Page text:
Igloo Iceless 40 Review
Cons: No heat function, not durable, lid strap detached during testing
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Our Analysis and Test Results
As Igloo claims, this thermoelectric model was able to reach 36º F below ambient temperature. However, most thermoelectric models reach 40º below ambient, so we aren't that impressed. And just as it states helpfully on a sticker on the lid, it won't really cool contents from room temperature - you need to pre-chill them before using the cooler. This is also the only thermoelectric cooler we tested that doesn't also have a heating function. A detail that we found odd, as thermoelectric coolers work by pumping hot air from one side to the other and so, therefore, are easy to reverse the direction the hot air is flowing. We're unsure as to why the Igloo lacks this feature.
All thermoelectric coolers we tested showed about the same performance in insulatory capacity, and the Igloo came in right in the middle of the pack. However, this model is quite poorly made. The lid won't stay open for loading and unloading, and during our testing, the screw holding the connector between the body and lid of the cooler ripped out from the lid. We also found many user complaints online of other pieces of this cooler being unable to withstand the test of time.
Though not as power-hungry as some of the competition, the Igloo is no small eater when it comes to electricity. It draws 55.1 watts - more than half of the large compressor coolers we tested! It also has no battery protection settings, and can easily drain your car battery dry if you let it. The manual actually states that this unit can't be left plugged into a car that's not on for longer than 2 hours. This certainly won't get you through a hot summer night of car camping!
Ease of Use
While several other thermoelectric models we tested are designed to be able to hold ice like a regular cooler and extend the life of that ice, the Igloo can't have any ice or fluids inside it. That's a pretty big detriment for anyone hoping to achieve USDA food-safe temperatures if it's warmer than 76º F outside! That fairly major flaw notwithstanding, the Igloo does have a decently large capacity of 60 cans - and beers or sodas don't need to be 40º F. The Igloo is also the only cooler we tested that actually includes a fuse replacement, which is handy.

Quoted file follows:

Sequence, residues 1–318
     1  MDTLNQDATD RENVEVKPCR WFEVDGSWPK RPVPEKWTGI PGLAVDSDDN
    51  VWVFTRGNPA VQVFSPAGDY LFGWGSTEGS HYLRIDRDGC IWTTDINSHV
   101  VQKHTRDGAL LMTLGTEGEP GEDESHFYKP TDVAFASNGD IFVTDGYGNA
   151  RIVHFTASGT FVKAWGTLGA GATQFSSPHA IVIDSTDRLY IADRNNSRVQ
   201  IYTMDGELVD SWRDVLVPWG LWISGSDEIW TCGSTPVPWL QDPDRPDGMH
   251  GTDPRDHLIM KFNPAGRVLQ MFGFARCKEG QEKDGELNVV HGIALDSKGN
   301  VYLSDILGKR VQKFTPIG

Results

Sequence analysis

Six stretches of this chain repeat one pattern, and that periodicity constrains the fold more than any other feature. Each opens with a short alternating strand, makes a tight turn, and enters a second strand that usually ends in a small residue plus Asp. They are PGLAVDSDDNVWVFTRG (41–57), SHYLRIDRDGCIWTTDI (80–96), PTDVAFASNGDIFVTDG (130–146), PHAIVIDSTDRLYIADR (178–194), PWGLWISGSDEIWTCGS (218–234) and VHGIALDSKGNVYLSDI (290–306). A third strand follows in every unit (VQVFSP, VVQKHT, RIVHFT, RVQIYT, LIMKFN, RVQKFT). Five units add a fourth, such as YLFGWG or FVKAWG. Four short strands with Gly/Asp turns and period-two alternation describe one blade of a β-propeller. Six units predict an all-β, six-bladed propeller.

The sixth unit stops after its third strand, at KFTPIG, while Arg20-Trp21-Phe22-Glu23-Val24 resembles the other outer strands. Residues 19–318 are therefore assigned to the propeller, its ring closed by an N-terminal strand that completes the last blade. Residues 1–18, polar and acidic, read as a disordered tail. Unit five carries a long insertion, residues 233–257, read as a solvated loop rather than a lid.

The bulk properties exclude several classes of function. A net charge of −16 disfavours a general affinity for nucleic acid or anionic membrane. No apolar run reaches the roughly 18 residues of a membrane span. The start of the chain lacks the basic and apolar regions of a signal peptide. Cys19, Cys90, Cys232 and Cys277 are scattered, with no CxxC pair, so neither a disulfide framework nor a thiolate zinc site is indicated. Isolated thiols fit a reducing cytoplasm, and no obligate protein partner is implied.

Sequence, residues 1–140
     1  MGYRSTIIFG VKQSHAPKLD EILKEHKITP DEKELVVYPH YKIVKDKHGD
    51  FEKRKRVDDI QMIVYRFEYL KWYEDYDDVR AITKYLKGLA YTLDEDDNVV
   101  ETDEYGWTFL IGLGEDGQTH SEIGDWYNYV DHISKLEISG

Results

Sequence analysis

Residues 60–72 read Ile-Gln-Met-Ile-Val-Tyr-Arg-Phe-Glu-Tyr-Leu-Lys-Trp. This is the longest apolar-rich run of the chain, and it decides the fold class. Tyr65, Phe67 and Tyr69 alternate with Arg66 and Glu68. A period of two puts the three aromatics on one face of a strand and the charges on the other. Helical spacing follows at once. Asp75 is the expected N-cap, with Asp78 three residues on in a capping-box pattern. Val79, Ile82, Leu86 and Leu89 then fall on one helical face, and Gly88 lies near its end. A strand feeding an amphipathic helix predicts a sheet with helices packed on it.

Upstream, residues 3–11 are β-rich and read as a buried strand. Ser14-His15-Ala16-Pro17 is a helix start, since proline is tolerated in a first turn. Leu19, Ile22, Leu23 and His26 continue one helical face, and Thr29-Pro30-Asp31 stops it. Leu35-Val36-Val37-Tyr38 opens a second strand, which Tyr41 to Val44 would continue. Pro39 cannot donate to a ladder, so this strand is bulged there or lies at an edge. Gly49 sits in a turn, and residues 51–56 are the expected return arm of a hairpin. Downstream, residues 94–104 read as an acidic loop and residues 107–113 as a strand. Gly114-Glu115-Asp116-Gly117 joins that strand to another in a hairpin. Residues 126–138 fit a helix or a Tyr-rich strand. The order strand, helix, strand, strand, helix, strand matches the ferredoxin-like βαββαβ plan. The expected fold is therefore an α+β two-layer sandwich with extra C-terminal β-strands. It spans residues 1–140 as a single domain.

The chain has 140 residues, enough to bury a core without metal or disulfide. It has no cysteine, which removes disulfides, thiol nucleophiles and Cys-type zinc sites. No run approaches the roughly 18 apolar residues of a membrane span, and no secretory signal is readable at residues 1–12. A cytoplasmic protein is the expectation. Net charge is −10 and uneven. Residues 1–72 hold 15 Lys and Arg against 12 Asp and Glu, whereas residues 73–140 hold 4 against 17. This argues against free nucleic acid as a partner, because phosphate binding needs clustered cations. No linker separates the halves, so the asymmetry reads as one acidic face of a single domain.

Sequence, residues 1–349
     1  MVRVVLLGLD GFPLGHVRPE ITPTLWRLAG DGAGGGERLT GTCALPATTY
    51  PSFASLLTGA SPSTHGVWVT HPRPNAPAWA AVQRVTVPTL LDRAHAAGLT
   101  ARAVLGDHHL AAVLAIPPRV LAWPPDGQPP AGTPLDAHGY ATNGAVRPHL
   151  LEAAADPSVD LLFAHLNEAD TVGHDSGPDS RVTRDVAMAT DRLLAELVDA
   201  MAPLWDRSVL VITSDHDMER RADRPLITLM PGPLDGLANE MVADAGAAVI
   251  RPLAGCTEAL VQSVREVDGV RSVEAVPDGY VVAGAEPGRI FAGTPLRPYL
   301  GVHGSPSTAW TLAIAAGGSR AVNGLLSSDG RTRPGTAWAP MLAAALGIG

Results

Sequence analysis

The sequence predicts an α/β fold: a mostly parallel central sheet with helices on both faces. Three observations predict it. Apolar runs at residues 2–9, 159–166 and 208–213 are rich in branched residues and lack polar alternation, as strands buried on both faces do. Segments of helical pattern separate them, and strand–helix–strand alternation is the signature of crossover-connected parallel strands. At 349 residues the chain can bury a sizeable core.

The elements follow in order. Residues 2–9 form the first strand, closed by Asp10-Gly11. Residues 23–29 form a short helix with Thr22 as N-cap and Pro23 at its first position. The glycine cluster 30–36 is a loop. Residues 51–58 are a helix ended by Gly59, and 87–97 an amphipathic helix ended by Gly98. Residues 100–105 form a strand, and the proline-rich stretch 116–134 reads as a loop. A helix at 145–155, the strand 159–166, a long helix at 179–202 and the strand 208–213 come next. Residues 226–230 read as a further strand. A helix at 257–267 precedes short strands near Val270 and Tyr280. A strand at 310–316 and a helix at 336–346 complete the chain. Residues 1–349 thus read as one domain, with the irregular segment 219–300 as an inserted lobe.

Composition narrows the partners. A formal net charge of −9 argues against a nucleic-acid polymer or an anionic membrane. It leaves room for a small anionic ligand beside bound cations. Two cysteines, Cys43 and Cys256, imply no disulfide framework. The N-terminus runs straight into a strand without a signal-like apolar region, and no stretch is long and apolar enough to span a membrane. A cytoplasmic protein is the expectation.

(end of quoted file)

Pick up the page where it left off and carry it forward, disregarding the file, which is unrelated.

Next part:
Compared to the behemoth compressor models in this review, the Igloo's measly 16.2 lb is nothing. It is the heaviest of the thermoelectric models we tested, though they are more similar in weight vs. capacity than the compressor units. The handles of the Igloo retract into the overall shape of the chest, which is a pretty neat feature when you want to squeeze this little box into a tight space. It also has a long DC cord, at 7' 10.5" - though no AC cord is included.
The Igloo is a pretty simple cooler, with not even a heat function. At the time of writing, Igloo includes a one-year warranty on this item, which is a helpful touch for a fairly pricey food storage system. It also has a small strap on the cord to keep it wound up and organized. It is a bit noisy to sit next to, but nothing compared to the hums of some others we tested.
Igloo itself offers this model for a much higher price than we think its performance warrants. However, during the time we've been testing our unit, we've seen a wide range of prices from a ton of different retailers, so it's possible there's a deal out there that makes this unimpressive thermoelectric cooler worth it.
The Igloo is a what-you-see-is-what-you-get kind of product. While that's not necessarily a bad thing, in this case, it's far outshone by its competition. It lacks a heat function and isn't durable. However, it does a decent job of temperature control and has a fairly large capacity. If this simplicity does the trick for you, and you don't mind a few downfalls, you might be alright with this lackluster cooler from Igloo.
— Maggie Brandenburg